NEW YORK – Ryan Garcia made many concessions during negotiations for the high-profile fight he wanted most of all.

Garcia gave Davis a one-sided rematch clause that only Davis can exercise if Garcia upsets him April 22 at T-Mobile Arena in Las Vegas. Davis’ rival also agreed to face the powerful southpaw at a contracted catch weight of 136 pounds, despite that Garcia fought at the junior welterweight limit of 140 pounds in his last appearance.

The 24-year-old Garcia must adhere as well to a rehydration clause that prohibits him from weighing more than 146 pounds when he enters the ring for their Showtime Pay-Per-View main event.

From Garcia’s perspective, he feels like he said yes to virtually every request because he wanted this career-defining fight so badly. The popular, polarizing Garcia knew, too, that the sport needed this enormous event at a time when some marketable bouts between elite-level fighters failed to materialize.

“During this whole journey I definitely put boxing first and the fans first, because I had to accept a lotta stipulations,” Garcia said Wednesday during a press conference at Palldium Times Square. “They know it. You know? Going down in weight, rehydration clause. I don’t wanna bring up too much, but those are the little things that I said to myself, ‘You know what? If I put myself first, I should say no.’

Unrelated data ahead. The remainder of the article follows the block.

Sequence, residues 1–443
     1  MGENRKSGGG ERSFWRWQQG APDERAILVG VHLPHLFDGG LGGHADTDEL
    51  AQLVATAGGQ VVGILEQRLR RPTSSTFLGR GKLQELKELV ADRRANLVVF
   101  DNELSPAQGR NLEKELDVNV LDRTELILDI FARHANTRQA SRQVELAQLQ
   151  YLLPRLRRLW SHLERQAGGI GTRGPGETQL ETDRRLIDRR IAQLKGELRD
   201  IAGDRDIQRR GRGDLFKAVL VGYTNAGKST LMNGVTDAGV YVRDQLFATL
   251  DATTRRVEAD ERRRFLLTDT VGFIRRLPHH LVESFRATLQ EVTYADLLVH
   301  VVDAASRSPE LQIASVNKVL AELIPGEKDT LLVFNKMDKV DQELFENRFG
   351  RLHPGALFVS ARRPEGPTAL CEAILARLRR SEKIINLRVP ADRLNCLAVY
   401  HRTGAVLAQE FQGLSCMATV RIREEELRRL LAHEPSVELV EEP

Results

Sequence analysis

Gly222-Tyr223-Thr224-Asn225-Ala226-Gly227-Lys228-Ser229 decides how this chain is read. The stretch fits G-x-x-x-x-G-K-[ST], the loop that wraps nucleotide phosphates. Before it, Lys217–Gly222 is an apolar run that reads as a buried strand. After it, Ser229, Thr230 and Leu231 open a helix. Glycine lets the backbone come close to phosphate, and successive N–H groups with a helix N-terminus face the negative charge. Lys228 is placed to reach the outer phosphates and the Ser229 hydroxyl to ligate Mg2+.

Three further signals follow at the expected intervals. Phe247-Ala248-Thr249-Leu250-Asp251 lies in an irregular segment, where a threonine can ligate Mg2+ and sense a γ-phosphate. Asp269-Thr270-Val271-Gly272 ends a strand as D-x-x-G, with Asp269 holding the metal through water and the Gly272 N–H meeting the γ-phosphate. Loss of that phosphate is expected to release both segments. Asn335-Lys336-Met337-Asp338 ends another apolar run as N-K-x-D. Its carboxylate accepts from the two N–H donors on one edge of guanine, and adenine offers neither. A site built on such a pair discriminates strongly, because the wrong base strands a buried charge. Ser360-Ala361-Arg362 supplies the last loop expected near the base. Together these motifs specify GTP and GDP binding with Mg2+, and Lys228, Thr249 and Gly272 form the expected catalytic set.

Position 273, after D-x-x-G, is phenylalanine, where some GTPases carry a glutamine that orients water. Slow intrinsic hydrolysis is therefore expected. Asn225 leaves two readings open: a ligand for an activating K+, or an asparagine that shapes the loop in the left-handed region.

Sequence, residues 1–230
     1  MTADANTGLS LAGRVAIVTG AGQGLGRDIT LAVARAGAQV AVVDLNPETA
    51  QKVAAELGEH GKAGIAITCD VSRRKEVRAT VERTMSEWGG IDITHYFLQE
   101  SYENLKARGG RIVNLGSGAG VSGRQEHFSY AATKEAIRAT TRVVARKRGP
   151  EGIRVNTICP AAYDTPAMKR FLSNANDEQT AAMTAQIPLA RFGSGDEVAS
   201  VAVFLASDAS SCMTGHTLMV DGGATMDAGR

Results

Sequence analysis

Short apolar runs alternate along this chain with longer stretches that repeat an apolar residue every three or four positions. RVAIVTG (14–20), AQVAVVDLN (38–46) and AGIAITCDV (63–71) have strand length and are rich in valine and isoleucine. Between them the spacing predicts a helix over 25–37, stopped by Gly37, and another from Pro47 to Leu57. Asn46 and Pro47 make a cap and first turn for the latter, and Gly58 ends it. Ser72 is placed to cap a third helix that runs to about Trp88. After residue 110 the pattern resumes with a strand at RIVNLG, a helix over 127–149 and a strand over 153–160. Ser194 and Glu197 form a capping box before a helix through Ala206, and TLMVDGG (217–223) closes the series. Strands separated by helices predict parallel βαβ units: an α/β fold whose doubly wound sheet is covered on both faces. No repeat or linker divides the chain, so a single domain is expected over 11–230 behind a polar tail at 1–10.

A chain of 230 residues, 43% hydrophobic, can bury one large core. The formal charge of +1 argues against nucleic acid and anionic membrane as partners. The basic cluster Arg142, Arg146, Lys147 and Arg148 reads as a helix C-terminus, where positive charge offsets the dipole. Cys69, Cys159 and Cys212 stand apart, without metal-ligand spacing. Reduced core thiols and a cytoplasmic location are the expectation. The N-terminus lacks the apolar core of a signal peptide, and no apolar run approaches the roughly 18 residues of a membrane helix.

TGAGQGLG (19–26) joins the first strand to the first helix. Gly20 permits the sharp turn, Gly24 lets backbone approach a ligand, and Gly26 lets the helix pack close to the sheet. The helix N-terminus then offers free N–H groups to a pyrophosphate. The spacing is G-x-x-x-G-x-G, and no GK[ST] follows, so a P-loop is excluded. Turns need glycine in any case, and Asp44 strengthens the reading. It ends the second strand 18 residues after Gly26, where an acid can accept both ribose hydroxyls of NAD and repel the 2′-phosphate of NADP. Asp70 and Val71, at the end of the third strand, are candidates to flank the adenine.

“But my heart don’t let me. I got the character of a champion and my power comes from within and from above. No matter what weight I’m down to, no matter what I have to do, my strength comes from here [pointed to his heart]. I don’t look like I hit hard, but I do hit hard. The punches, they just come quick. But when they hit you, you’re just down.”

Garcia (23-0, 19 KOs), of Victorville, California, hopes he and Baltimore’s Davis (28-0, 26 KOs) have encouraged other boxers to overcome obstacles that too often prevent the most fascinating fights from coming together. Neither Garcia nor Davis allowed the facts that they work with competing promoters and a different network (Davis with Showtime) and streaming service (Garcia with DAZN) to stop them from finally coming to an agreement February 24.

“We really came together and conquered the poison that’s been stopping boxing from having the biggest fights,” Garcia said. “It wasn’t easy, but we found a way. This has been a fight that I’ve wanted for a very long time because, for me, to be a champion you have to beat the best. It’s not about the titles. It’s not about, you know, like I said the titles. It’s about who you beat.

“And for me, it’s a testimony for the respect I got for him as a fighter. To me, I believe he's one of the best and I’ve had that type of mentality since I was a young kid, growing up in the amateurs. I never thought about the weight class. I only thought about who was in it, because I wanna be the best.”

Keith Idec is a senior writer/columnist for He can be reached on Twitter @Idecboxing.